NASP Practice Model 10 Domains

The following domains, while described below as distinct, regularly interact and intersect within the context of service delivery. Understanding the domains helps inform the range of knowledge and skills school psychologists can provide. The NASP Practice Model outlines how services are integrated to best meet the needs of students, families, and the school community.

Practices That Permeate All Aspects of Service Delivery

Domain 1: Data-Based Decision Making and Accountability-School psychologists have knowledge of varied models and methods of assessment and data collection for identifying strengths and needs, developing effective services and programs, and measuring progress and outcomes. As part of a systematic and comprehensive process of effective decision making and problem solving that permeates all aspects of service delivery, school psychologists demonstrate skills to use psychological and educational assessment, data collection strategies, and technology resources and apply results to design, implement, and evaluate direct interventions, psychological services, and programs.

Examples of professional practices include:

  • Using the problem solving framework as the basis for all practices.
  • Systematically collecting data from multiple sources and using ecological factors as the context for all assessment and intervention decisions.
  • Using assessment data to understand students’ problems and to implement evidence-based instructional, mental, and behavioral health services.
  • Using data to analyze progress toward meeting academic and behavioral goals.
  • Evaluating treatment fidelity of student interventions.
  • Evaluating the effectiveness and/or need for modifications to school-based interventions or programs.
  • Conducting valid and reliable assessments for the purpose of identifying student’s eligibility for special education services.

Domain 2: Consultation and Collaboration-School psychologists have knowledge of varied models and strategies of consultation, collaboration, and communication applicable to individuals, families, schools and systems, and methods to promote effective implementation of services. As part of a systematic and comprehensive process of effective decision making and problem solving that permeates all aspects of service delivery, school psychologists demonstrate skills to consult, collaborate, and communicate effectively with others. Examples of professional practices include:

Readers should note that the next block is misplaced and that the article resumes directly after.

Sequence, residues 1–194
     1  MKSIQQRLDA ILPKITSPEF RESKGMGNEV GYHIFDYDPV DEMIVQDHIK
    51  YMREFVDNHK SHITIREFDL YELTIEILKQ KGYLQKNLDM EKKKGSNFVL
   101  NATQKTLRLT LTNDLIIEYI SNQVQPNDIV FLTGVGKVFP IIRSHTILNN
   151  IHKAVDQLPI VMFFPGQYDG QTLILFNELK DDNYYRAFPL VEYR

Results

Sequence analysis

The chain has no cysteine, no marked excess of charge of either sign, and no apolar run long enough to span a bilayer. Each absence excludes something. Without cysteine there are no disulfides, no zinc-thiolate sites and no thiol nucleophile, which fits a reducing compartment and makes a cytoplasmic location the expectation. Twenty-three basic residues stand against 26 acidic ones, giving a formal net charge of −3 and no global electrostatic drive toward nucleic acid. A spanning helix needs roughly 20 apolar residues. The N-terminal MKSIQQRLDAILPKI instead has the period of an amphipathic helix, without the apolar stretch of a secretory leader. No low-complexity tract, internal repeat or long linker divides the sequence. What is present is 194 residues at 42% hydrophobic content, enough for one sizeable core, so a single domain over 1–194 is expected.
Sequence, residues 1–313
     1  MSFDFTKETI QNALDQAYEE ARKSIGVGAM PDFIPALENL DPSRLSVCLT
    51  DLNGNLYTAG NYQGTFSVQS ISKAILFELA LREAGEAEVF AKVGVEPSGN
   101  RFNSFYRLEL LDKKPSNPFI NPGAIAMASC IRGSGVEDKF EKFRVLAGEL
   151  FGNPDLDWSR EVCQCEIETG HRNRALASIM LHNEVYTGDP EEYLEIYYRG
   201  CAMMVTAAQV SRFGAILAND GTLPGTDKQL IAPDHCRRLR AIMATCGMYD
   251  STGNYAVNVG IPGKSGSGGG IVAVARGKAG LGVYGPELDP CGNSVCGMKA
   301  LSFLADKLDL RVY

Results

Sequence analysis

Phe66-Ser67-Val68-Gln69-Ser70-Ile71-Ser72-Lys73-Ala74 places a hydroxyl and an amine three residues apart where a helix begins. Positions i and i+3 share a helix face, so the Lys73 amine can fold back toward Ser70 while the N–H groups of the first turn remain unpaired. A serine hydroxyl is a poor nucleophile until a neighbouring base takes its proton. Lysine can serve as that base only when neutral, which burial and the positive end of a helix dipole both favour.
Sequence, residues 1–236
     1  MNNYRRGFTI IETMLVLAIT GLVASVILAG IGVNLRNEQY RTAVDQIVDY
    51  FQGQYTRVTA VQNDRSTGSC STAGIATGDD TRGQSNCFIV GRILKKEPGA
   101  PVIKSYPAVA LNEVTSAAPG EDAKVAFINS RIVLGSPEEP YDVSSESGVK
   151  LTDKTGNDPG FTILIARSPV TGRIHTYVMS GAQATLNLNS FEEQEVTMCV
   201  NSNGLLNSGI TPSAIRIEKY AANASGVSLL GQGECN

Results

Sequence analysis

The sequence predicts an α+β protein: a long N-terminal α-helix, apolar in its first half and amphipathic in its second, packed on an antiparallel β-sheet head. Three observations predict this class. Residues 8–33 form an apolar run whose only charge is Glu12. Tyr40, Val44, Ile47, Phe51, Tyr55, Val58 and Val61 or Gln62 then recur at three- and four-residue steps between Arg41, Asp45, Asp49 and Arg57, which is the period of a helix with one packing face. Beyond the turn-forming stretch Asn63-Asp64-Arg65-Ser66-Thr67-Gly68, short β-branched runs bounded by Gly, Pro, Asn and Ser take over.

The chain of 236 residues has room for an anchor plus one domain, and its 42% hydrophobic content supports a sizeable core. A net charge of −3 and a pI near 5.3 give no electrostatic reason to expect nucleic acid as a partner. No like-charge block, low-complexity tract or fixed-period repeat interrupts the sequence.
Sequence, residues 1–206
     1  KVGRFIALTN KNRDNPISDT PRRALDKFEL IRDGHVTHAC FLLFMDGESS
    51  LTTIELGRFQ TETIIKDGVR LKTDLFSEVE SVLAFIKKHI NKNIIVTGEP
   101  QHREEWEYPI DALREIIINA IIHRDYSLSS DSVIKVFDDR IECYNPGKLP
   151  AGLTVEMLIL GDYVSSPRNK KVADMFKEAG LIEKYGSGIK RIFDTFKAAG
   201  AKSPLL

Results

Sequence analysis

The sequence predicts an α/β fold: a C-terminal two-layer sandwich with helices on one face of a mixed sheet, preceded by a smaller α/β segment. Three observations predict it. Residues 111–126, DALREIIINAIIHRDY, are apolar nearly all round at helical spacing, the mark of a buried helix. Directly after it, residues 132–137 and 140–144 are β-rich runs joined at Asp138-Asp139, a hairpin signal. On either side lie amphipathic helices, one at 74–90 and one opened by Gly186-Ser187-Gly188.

1. Using a consultative problem-solving process for planning, implementing, and evaluating all instructional, and mental and behavioral health services.
  2. Facilitating effective communication and collaboration among families, teachers, community providers, and others.
  3. Using consultation and collaboration when working at the individual, classroom, school, or systems levels.
  4. Advocating for needed change at the individual student, classroom, building, district, state, or national levels.

Direct and Indirect Services for Children, Families, and Schools: Student Level Services

Domain 3: Interventions and Instructional Support to Develop Academic Skills-School psychologists have knowledge of biological, cultural, and social influences on academic skills; human learning, cognitive, and developmental processes; and evidence-based curricula and instructional strategies. School psychologists, in collaboration with others, demonstrate skills to use assessment and data collection methods and to implement and evaluate services that support cognitive and academic skills. Examples of professional practices include:

  1. Implementing evidence-based interventions to improve student engagement and learning.
  2. Using assessment data to develop and implement evidence-based instructional strategies that will improve student performance.
  3. Working with other school personnel to ensure attainment of state and local benchmarks for all students.
  4. Sharing information about research in curriculum and instructional strategies.
  5. Promoting the use of instructional strategies for diverse learners and to meet individual learning needs.